ERIE, Colo. - Two floods and hundreds of thousands of dollars in repairs have silenced the sounds of high school athletics at Erie High School's football stadium.
A rainstorm last August was the first storm to cause major flooding at the school's football field. In an image posted on Twitter, Erie's head football coach Larry Gartrell can be seen on the field standing in deep water with the caption, "Coach Gartrell needing a kayak."
It cost the St. Vrain Valley School District more than $98,000 to repair the field and turf in time for the Tiger's first home game against Berthoud High School.
A month later, the field flooded again when the entire state was hit hard by constant rain and historic flooding in mid-September. Erie High School's track and field suffered even more water-damage causing the school to move several home football games to a nearby stadium.
"It's tough you always want to have home field advantage," said Erie High School Junior Courtney Kaiser. "We had some of our home games at Frederick which is our rival school which is even worse, kicking us while we're down."
Kaiser told us the original repair work performed on the field in August didn't do much to solve the larger problem.
"It was just temporary. They didn't do anything to fix it, just moved the sand," explained Kaiser.
While the historic flooding the state experienced last September is rare, 7NEWS found there's a bigger issue with the way the school's stadium is designed. The field was built on submissive ground with farm land directly uphill from it. As a result, any kind of precipitation flows from the farmland above straight down to the football field. A drainage and mitigation problem that makes the field more susceptible to flooding when it rains.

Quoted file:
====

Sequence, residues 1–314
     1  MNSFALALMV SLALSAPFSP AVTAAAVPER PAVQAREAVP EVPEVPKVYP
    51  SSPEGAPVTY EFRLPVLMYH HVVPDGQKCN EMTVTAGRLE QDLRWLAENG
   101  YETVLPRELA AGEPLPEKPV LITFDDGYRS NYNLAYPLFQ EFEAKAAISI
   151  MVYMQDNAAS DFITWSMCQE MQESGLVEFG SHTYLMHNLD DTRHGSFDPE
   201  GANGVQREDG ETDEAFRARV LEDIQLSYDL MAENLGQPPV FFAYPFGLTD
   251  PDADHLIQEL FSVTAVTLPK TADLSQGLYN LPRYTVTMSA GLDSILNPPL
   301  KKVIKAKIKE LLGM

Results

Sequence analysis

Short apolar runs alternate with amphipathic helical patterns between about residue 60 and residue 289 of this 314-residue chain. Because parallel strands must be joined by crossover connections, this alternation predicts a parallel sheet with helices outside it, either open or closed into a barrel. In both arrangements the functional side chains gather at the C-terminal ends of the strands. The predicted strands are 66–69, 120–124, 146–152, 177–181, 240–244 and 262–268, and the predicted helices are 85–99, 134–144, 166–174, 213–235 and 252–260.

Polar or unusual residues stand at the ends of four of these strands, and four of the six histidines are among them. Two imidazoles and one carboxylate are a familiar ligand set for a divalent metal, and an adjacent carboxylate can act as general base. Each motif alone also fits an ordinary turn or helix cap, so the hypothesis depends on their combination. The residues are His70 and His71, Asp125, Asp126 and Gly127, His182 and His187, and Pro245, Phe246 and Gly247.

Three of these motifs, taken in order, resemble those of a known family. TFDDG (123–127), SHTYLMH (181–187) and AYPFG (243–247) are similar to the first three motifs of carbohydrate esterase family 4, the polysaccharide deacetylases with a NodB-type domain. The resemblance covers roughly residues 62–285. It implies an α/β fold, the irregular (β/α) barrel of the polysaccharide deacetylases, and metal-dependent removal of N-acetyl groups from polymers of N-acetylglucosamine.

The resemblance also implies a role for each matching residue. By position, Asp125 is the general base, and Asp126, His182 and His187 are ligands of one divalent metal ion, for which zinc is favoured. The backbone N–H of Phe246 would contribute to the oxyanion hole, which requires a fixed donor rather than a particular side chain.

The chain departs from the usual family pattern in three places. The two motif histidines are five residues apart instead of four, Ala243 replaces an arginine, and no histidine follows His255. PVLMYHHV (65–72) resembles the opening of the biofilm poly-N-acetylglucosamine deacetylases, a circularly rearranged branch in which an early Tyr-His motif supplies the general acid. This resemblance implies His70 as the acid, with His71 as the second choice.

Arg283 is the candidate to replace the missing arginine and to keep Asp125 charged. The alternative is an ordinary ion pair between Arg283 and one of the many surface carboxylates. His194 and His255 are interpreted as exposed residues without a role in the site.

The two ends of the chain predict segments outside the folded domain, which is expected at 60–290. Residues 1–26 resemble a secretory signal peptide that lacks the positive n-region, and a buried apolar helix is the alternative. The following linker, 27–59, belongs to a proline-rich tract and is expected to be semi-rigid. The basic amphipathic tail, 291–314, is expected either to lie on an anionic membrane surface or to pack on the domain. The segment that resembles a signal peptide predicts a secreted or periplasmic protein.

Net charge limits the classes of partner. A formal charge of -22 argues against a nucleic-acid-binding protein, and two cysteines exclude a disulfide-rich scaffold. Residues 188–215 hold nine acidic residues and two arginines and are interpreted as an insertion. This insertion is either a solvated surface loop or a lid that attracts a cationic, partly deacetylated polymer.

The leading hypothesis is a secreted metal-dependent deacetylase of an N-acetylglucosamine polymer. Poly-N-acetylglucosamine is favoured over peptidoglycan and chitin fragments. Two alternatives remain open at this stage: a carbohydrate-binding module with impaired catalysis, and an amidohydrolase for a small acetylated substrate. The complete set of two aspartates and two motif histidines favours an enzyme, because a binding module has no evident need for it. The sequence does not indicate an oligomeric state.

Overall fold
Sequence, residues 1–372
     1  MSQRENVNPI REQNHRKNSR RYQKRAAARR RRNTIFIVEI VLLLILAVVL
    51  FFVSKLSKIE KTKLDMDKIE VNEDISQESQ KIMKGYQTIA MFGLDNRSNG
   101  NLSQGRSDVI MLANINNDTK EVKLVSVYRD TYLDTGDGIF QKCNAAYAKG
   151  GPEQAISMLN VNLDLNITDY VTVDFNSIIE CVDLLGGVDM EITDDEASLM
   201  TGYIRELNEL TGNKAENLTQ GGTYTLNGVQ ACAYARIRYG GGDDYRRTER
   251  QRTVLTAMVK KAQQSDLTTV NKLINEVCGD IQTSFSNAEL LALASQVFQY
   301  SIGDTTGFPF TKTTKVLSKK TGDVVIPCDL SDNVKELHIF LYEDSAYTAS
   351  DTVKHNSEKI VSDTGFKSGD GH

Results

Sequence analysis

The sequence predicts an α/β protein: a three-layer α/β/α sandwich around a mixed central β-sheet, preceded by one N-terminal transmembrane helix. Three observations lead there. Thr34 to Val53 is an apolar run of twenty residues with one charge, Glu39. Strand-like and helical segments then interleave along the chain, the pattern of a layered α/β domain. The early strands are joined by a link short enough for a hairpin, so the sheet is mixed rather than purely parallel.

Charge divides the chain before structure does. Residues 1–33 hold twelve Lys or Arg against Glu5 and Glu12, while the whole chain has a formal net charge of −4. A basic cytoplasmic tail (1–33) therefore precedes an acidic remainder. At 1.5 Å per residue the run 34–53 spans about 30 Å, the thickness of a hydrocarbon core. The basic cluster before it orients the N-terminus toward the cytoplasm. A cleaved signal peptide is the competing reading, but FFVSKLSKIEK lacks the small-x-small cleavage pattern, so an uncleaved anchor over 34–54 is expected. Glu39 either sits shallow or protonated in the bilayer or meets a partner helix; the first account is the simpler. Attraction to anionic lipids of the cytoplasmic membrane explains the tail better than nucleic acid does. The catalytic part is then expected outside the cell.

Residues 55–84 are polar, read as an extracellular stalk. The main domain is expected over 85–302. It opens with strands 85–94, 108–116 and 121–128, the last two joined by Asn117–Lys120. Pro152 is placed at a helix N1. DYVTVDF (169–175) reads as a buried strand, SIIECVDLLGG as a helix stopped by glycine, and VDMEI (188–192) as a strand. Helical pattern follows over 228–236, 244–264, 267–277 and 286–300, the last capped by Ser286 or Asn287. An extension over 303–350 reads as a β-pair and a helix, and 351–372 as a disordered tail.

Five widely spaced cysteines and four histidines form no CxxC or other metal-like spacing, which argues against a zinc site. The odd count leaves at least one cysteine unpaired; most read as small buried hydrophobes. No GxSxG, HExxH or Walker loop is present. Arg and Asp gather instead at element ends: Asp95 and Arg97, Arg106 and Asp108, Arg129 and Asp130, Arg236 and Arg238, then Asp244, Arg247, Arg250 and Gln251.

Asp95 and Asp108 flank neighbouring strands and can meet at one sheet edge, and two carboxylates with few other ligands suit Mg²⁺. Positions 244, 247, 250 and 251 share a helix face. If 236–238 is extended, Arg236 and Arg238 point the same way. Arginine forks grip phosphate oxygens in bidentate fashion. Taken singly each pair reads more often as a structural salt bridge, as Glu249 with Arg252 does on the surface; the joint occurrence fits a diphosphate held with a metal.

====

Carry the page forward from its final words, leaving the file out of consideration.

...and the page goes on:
School work order documents obtained by 7NEWS show repair and maintenance costs at Tiger stadium have added up to nearly $200,000 since 2006.The stadium is less than a decade old.
Erie's home playing field is still on hold and the school is now searching for a new head football coach. Longtime head coach Larry Gartrell, who led the Tigers to a state championship in 1997, resigned this month. Gartrell will remain a teacher and baseball coach at the high school. The district said his resignation is not linked to the stadium's issues.
St. Vrain Valley School District denied our requests for an on-camera interview to discuss how the district plans to solve the stadium's design, mitigation and drainage issues. A spokesperson did tell us a plan is in the works to address and permanently fix the on-going problems. In the meantime, work will begin this summer on a solution to re-open Tiger Stadium.